Saturday, 8 December 2007

IceCube: Dual Use Neutrino Telescope

Being built in the Antarctic Ice plains to help map the heavens could also one day be used as a planetary scanner to help build up a picture of the earth's core;

Currently under construction, Icecube is designed to detect subatomic particles called neutrinos, which are so evasive that they can slip quite easily through the body of the planet. A few neutrinos are not so lucky, however, and deep under the South Pole IceCube is designed to spot them. The machine consists of thousands of detectors and will eventually fill a cubic kilometre of ice. The detectors look downwards, watching for the distinctive flash of blue light that means a neutrino has come through most of the planet only to get snagged in the Antarctic ice. The main aim is to look for neutrinos from exotic objects in deep space, such as the giant black holes in galactic cores, using the bulk of the Earth as a shield to screen out unwanted noise from other cosmic particles.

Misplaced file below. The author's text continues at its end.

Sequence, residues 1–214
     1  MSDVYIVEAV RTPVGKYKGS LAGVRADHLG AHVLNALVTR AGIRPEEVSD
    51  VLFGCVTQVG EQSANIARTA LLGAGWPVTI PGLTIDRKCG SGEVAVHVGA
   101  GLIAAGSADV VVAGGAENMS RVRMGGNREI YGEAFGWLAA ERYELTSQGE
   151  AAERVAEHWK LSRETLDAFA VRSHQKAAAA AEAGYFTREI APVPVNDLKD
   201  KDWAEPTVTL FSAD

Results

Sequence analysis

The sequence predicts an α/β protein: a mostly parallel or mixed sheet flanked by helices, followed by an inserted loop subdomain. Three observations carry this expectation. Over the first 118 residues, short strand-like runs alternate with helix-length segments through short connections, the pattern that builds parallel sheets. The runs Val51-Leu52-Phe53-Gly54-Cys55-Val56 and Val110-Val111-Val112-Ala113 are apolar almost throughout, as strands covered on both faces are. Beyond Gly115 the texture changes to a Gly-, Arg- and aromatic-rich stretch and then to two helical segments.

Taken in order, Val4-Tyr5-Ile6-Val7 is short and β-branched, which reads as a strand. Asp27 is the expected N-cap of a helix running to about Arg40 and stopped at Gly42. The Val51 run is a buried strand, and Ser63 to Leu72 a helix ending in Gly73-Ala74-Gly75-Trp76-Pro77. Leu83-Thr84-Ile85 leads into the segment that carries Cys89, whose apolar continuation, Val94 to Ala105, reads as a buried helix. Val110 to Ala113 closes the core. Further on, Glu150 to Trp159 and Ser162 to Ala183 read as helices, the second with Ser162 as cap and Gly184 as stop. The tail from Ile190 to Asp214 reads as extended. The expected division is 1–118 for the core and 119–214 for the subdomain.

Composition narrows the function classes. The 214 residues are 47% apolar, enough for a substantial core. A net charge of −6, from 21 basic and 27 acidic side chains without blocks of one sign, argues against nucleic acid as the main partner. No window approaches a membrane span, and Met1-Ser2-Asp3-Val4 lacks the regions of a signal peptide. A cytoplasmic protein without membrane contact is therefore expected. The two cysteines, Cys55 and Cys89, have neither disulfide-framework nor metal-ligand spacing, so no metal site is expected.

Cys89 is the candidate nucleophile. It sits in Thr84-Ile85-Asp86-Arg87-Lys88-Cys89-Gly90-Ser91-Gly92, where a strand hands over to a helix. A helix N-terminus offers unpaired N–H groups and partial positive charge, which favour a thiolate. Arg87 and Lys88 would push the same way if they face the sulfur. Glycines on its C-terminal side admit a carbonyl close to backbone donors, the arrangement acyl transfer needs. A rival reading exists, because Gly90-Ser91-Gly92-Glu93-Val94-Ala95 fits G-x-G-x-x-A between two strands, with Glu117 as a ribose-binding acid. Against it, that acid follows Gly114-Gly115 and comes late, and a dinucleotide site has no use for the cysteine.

Apparently building the IceCube is less an act of construction than a kind of archaeology in reverse; the process will consist of entombing glass-globed sensors the size of basketballs on 1-mile-long strings, 70 sensors per string, in 70 deep holes beneath the polar surface. This will then allow scientists to develop, a "library of the universe"

Sources: One Two Three
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